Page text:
restored patches of wall can be told by the slightly different texture

With a last turn to the right, the wall reaches the southernmost gate of Urban VIII's boundary, Porta Portese [map ref. 12]. Its original Latin name was Porta Portuensis, after via Portuensis, the ancient road that led to Portus; this was the main harbour of imperial Rome, founded in the 1st century AD after the sand carried by the Tiber had gradually silted up the older harbour, Ostia (see map of ROME'S ANCIENT SURROUNDINGS).

Porta Portese, at the end of the wall built under Urban VIII;
Rome's largest and most crowded flea-market is held here on Sundays

You may notice that the heraldic shield hanging above Porta Portese does not feature the three bees of the Barberini family, as most other coats of arms found along this wall, but three lilies over a dove with an olive twig in its beak, i.e. the device of the Pamphilj family, who were bitter enemies to the Barberini in the struggle for power.

coat of arms of Innocent X (Pamphilj)
over the archway of Porta Portese

Actually, Urban VIII died shortly before the last part of the work was finished; so his successor Innocent X (Giovanni Battista Pamphilj) got the credit for having sponsored the making of this last gate.

Also the ancient wall built by emperor Aurelian in the 2nd century AD had a gate called Porta Portuensis, but this one stood about 750 metres  or 800 yards away from this spot, along the same via Portuensis, as shown in the map below. Originally, it had a double archway, but in c.400 emperor Honorius reduced it to a single passage, in order to defend it more easily (the same happened to Porta Praenestina and Porta Appia).
Porta Portese is the only site where the ancient city boundary was slightly shrinked by the new set of walls built under Urban VIII, instead of being enlarged. This choice was taken for strategic purposes: to defend it from the heights of the nearby Janiculum Hill would have been easier than with the gate located on its original spot.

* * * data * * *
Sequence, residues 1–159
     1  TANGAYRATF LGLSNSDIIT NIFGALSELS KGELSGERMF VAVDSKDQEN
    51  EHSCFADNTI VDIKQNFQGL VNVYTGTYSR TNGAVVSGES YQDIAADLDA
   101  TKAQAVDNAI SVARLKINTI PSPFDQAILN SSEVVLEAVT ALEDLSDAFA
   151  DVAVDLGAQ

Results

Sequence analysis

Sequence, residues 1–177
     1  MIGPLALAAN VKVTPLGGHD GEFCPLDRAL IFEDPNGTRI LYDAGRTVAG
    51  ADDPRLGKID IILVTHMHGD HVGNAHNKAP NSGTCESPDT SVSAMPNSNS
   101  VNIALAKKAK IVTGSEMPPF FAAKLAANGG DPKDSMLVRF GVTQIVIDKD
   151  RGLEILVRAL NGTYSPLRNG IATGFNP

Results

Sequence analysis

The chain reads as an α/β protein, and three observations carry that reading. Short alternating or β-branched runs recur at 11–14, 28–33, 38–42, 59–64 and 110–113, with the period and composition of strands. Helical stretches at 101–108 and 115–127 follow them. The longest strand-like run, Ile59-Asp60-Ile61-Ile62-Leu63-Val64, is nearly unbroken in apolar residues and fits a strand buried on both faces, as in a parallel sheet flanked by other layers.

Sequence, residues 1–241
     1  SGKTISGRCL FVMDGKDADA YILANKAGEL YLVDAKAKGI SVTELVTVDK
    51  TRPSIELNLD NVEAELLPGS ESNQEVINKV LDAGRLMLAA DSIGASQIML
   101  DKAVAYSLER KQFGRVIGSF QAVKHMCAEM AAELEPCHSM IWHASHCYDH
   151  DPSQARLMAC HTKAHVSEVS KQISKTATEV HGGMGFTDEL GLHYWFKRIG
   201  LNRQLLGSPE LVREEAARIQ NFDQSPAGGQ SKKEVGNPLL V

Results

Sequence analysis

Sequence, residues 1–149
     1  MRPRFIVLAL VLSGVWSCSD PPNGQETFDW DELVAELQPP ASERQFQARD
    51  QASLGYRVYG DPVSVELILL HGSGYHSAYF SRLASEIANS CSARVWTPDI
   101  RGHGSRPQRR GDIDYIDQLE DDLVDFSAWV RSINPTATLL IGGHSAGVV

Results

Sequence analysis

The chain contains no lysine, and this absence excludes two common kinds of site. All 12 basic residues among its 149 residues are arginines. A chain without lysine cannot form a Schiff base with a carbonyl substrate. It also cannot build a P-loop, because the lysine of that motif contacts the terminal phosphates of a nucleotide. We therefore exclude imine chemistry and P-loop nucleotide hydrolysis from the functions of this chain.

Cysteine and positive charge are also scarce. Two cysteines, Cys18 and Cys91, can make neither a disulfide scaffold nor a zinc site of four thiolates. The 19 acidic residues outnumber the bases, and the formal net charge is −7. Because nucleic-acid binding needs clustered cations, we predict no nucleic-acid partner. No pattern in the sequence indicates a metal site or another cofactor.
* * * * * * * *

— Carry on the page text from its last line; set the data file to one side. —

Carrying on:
Up to the mid 1600s, the chosen site for the new Porta Portese had been used by Rome's Jewish community as a burial place. The making of the gate caused the cemetery to be removed.

detail from a map of 1590; the ancient Roman wall was still standing, with the original Porta Portuensis
and the old Jewish cemetery, referred to as Campus Iudeorum ("Field of the Jews"); the blue line shows the direction of the new wall built in the 1600s, and an arrow indicates the site of the new gate, Porta Portese
The community was then granted a new ground where to bury their dead, on the Aventine Hill, next to the area of the Circus Maximus (see further details in Curious and Unusual).

Here the tour of the walls of the popes comes to its end.
To reach the closest public transport line, walk back to viale Trastevere: tram no.8 will take you towards the city center (largo di Torre Argentina, not far from piazza Venezia). Otherwise, you can cross Ponte Sublicio (i.e. the bridge next to Porta Portese), and walk straight down the wide via Marmorata for about 800 metres  or  ½ mile: it will take you to the subway station Piramide (line B), located next to Porta San Paolo and Gaius Cestius' Pyramid (see Aurelian's walls, part III page 3).